On the Perils of Universal and Product-Led Thinking; Comment on “How Neoliberalism Is Shaping the Supply of Unhealthy Commodities and What This Means for NCD Prevention”

Document Type: Commentary

Author

Department of Geography, King’s College London, London, UK

Abstract

Lencucha and Thow’s paper offers an important addition and corrective to the burgeoning body of work in public health on the ‘commercial determinants of health’ in the context of non-communicable diseases (NCDs). Rather than tracing the origins of incoherence across policy sectors to the nefarious actions of industry, they argue that we need to be better attuned to the neoliberal ideologies that underpin these policies. In this commentary I explore two aspects of their argument that I find to be problematic: First, the suggestion that neoliberalism itself has some kind of deterministic or explanatory capacity across vastly different social, spatial, economic and political contexts. Second, I explore their concept of ‘product-based NCD risk,’ a perspective that disembodies and detaches risk from the social and structural conditions of their making.

Keywords

Main Subjects


  1. Lencucha R, Thow AM. How neoliberalism is shaping the supply of unhealthy commodities and what this means for NCD prevention. Int J Health Policy Manag. 2019;8(9):514-520. doi:10.15171/ijhpm.2019.56
  2. McKee M, Stuckler D. Revisiting the corporate and commercial determinants of health. Am J Public Health. 2018;108(9):1167-1170. doi:10.2105/ajph.2018.304510
  3. Kickbusch I, Allen L, Franz C. The commercial determinants of health. Lancet Glob Health. 2016;4(12):e895-e896. doi:10.1016/S2214-109X(16)30217-0
  4. Moodie R, Stuckler D, Monteiro C, et al. Profits and pandemics: prevention of harmful effects of tobacco, alcohol, and ultra-processed food and drink industries. Lancet. 2013;381(9867):670-679. doi:10.1016/s0140-6736(12)62089-3
  5. Reubi D. Of neoliberalism and global health: human capital, market failure and sin/social taxes. Crit Public Health. 2016;26(5):481-486. doi:10.1080/09581596.2016.1196288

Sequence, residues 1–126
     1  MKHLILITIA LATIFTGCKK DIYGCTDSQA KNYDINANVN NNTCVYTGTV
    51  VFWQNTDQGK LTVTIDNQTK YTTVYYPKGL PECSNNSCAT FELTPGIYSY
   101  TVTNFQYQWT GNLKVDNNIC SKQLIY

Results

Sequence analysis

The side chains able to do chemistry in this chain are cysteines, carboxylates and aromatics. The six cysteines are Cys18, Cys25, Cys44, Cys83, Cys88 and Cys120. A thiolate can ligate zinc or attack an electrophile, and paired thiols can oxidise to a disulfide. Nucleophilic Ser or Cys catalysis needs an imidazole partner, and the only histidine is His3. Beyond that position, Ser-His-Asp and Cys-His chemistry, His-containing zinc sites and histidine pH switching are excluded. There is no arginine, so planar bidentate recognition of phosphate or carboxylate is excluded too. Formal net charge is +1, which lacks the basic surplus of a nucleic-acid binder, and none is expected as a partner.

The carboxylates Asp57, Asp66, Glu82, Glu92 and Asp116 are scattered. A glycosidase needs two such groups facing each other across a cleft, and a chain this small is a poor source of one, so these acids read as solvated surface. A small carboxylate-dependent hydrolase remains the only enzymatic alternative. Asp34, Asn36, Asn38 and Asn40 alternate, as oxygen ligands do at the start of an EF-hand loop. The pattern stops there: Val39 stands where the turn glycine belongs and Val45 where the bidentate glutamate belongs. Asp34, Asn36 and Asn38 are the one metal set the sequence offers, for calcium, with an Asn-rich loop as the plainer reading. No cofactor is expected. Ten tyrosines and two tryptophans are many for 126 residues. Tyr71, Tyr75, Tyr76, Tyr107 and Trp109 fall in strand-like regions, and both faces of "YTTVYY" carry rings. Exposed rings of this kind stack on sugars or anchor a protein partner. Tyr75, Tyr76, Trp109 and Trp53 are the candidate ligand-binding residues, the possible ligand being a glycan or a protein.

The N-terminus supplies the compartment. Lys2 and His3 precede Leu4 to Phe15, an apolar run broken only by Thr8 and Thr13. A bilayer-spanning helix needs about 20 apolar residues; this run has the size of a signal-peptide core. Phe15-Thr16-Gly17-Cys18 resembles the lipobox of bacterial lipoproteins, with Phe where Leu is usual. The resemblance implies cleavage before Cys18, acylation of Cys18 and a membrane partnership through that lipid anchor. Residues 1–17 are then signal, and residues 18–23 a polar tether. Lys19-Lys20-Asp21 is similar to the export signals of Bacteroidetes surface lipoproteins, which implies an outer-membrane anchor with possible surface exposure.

6. Herrick C. Alcohol, ideological schisms and a science of corporate behaviours on health. Crit Public Health. 2016;26(1):14-23. doi:10.1080/09581596.2014.951313
  7. Green J. Time to interrogate corporate interests in public health? Crit Public Health. 2019;29(3):257-259. doi:10.1080/09581596.2019.1587886
  8. Bell K, Green J. On the perils of invoking neoliberalism in public health critique. Crit Public Health. 2016;26(3):239-243. doi:10.1080/09581596.2016.1144872
  9. Ward K, England K. Introduction: Reading Neoliberalization. In: Neoliberalization: States, Networks, Peoples. Wiley; 2007. p. 1-22. doi:10.1002/9780470712801.ch1
  10. Brenner N, Theodore N. Cities and the geographies of “actually existing neoliberalism.” Antipode. 2002;34(3):349-379. doi:10.1111/1467-8330.00246
  11. World Health Organisation (WHO). From burden to "best buys": reducing the economic impact of NCDs in low- and middle-income countries. Geneva: WHO; 2011.
  12. Bakke Ø, Endal D. Vested interests in addiction research and policy alcohol policies out of context: drinks industry supplanting government role in alcohol policies in sub-Saharan Africa. Addiction. 2010;105(1):22-28. doi:10.1111/j.1360-0443.2009.02695.x
  13. Herrick C. Global health, geographical contingency, and contingent geographies. Ann Am Assoc Geogr. 2016;106(3):672-687. doi:10.1080/24694452.2016.1140017
  14. Cleaver F. Development Through Bricolage: Rethinking Institutions for Natural Resource Management. London: Routledge; 2017.
  15. Katikireddi SV, Whitley E, Lewsey J, Gray L, Leyland AH. Socioeconomic status as an effect modifier of alcohol consumption and harm: analysis of linked cohort data. Lancet Public Health. 2017;2(6):e267-e276. doi:10.1016/s2468-2667(17)30078-6
  16. Farmer P. Infections and Inequalities: The Modern Plagues. Berkeley: University of California Press; 1999.
  17. Seeberg J, Meinert L. Can epidemics be noncommunicable? reflections on the spread of 'noncommunicable' diseases. Med Anthropol Theory. 2015;2(2):54-71. doi:10.17157/mat.2.2.171
  18. Stuckler D, McKee M, Ebrahim S, Basu S. Manufacturing epidemics: the role of global producers in increased consumption of unhealthy commodities including processed foods, alcohol, and tobacco. PLoS Med. 2012;9(6):e1001235. doi:10.1371/journal.pmed.1001235